This object is on display in the Boeing Aviation Hangar room at Steven F. Udvar-Hazy Center in Chantilly, VA.
Collection Item Summary:
Curtiss manufactured more than 10,000 OX-5 V-8s during World War I, mostly for Curtiss JN-4 Jenny military trainers. After the war, the U.S. government sold thousands of surplus OX-5s and Jennys to the public at a fraction of their original cost. The availability of a well-proven, inexpensive engine in such quantity was a mixed blessing. It enabled many people of modest means to fly, but manufacturers of more modern power plants suffered.
The OX-5 was a mainstay for barnstormers, private pilots, and aircraft designers in the United States in the 1920s and ’30s. Besides the Jenny, the OX-5 also powered many new civil aircraft manufactured by Alexander, Curtiss, Fairchild, Laird, Travel Air, Waco, and others. This OX-5 was removed from a Curtiss JN-4D that suffered a landing accident near Greensboro, North Carolina, about 1921.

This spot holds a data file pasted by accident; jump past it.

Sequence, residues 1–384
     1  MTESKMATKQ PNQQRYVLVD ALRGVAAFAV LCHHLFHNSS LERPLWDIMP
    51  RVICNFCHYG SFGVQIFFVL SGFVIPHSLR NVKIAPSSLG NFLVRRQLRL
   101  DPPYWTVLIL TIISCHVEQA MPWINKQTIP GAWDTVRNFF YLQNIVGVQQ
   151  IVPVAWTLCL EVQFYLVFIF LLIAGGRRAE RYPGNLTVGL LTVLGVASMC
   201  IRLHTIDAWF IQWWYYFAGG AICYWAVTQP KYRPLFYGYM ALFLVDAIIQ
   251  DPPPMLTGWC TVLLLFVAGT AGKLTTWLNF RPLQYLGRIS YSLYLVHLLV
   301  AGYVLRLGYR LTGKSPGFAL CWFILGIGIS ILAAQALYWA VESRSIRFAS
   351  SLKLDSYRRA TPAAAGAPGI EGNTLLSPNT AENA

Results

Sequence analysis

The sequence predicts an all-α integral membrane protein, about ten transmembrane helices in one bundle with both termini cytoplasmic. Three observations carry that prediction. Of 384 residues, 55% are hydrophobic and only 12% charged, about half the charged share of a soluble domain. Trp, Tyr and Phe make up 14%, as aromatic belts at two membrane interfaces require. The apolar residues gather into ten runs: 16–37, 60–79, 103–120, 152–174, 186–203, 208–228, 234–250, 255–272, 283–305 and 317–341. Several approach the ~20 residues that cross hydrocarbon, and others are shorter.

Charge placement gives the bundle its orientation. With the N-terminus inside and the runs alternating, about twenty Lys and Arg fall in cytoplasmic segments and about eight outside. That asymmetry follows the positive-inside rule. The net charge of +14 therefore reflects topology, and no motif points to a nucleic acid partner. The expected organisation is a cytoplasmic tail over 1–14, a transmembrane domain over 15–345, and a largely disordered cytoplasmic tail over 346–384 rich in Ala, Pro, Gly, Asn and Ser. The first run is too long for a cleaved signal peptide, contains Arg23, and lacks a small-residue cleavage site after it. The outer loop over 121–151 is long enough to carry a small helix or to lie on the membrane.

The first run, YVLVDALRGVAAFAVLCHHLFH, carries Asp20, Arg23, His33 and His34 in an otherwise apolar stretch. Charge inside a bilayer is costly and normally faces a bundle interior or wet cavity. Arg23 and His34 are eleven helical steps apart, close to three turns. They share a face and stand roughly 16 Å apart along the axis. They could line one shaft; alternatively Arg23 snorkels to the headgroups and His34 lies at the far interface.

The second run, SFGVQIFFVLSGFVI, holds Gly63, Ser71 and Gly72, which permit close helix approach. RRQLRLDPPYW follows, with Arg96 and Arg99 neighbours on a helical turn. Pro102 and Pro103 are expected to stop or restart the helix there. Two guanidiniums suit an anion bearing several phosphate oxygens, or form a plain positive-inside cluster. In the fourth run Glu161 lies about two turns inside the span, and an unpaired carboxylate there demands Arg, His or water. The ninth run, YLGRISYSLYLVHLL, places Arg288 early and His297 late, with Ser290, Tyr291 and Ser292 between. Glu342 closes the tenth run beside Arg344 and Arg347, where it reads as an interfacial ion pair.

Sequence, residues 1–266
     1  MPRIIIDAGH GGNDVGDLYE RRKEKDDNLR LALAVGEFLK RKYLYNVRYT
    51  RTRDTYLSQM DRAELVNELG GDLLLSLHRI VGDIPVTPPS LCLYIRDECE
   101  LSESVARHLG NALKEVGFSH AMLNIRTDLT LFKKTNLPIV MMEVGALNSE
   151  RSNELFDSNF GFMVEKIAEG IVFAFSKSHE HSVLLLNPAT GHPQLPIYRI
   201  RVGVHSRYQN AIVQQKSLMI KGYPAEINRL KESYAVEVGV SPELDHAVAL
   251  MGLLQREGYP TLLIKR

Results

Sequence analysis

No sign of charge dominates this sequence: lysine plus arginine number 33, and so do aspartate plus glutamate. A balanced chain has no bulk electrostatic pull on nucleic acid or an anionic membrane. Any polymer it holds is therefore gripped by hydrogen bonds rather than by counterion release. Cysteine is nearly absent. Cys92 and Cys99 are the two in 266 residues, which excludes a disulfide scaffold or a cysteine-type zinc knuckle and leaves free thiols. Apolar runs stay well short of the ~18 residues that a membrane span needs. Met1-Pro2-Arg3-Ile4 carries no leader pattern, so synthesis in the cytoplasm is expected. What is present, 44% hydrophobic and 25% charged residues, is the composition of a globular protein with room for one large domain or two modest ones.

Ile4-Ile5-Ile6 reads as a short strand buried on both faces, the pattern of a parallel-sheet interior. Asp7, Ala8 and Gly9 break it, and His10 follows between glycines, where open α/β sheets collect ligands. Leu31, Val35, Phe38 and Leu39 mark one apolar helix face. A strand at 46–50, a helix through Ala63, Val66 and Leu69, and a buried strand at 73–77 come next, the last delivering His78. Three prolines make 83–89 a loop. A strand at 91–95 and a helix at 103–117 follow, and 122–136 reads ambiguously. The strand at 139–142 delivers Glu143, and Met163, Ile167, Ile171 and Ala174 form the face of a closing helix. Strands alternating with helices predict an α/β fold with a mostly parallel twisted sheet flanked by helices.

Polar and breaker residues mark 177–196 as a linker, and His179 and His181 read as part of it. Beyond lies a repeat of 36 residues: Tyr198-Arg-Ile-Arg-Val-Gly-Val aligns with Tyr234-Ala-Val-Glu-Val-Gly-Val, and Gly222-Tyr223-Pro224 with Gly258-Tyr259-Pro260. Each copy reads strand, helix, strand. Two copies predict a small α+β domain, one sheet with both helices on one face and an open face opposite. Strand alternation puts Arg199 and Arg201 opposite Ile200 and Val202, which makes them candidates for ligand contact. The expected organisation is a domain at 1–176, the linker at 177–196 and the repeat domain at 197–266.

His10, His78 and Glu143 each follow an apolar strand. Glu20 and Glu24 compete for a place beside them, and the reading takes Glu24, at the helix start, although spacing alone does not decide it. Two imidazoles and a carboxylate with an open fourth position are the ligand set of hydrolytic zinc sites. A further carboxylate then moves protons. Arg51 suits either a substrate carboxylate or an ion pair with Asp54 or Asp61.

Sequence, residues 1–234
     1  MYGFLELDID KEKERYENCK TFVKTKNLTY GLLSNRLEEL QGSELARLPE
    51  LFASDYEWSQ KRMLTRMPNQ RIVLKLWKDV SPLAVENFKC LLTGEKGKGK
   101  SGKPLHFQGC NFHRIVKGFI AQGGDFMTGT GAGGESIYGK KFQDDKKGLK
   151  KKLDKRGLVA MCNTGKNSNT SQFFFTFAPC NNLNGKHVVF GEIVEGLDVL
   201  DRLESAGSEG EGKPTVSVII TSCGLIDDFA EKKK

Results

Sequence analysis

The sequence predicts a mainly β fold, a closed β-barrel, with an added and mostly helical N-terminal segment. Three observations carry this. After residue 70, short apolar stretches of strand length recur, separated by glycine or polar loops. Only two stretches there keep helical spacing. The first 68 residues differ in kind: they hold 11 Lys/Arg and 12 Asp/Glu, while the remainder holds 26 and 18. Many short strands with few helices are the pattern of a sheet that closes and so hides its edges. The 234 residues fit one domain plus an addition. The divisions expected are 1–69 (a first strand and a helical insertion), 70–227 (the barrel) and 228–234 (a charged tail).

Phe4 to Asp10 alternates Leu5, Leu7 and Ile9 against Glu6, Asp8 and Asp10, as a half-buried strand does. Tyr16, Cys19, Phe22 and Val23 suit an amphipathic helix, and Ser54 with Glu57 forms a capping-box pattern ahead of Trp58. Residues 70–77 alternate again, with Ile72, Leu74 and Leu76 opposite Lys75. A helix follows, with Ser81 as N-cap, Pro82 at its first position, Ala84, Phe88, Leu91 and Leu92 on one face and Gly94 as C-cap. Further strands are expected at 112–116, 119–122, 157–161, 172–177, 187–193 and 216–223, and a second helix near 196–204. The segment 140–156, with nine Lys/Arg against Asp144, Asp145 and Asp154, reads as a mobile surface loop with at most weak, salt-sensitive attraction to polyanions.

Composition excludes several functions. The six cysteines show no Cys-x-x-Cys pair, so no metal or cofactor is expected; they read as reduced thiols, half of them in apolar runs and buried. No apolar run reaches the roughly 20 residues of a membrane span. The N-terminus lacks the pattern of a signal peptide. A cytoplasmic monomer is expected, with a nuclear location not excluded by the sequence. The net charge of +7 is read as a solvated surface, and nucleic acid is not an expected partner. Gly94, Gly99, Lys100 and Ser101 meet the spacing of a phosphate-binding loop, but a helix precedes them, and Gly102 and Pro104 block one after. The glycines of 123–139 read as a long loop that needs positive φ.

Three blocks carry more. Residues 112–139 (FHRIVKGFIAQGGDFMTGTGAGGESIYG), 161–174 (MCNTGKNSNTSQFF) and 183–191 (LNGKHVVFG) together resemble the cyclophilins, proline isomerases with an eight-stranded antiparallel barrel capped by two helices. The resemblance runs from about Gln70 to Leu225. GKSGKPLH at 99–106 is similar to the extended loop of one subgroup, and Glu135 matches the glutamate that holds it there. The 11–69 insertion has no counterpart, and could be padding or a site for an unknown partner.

Gift of Wesley Tallent
Type:reciprocating, 8 cylinders, V-type, liquid cooled
Power rating:67 kW (90 hp) at 1,200 rpm
Displacement:8.3 L (503 cu in)
Weight:177 kg (390 lb)
Manufacturer:Curtiss Aeroplane and Motor Co., Garden City, N.Y.
Collection Item Long Description:
National Air and Space Museum
Do not reproduce without permission from the Smithsonian Institution, National Air and Space Museum
Glenn H. Curtiss
Gift of Wesley Tallent.
Length 144.1 cm (56.75 in.), Width 75.6 cm (29.75 in.), Height 93.3 cm (36.75 in.)
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Country of Origin
United States of America
- Type: Reciprocating, V-type, 8 cylinders, liquid cooled
- Power rating: 67 kW (90 hp) at 1,200 rpm
- Displacement: 8.3 L (503 cu in)
- Bore and Stroke: 102 mm (4 in.) x 127 mm (5 in.)
- Weight: 177 kg (390 lb)
PROPULSION-Reciprocating & Rotary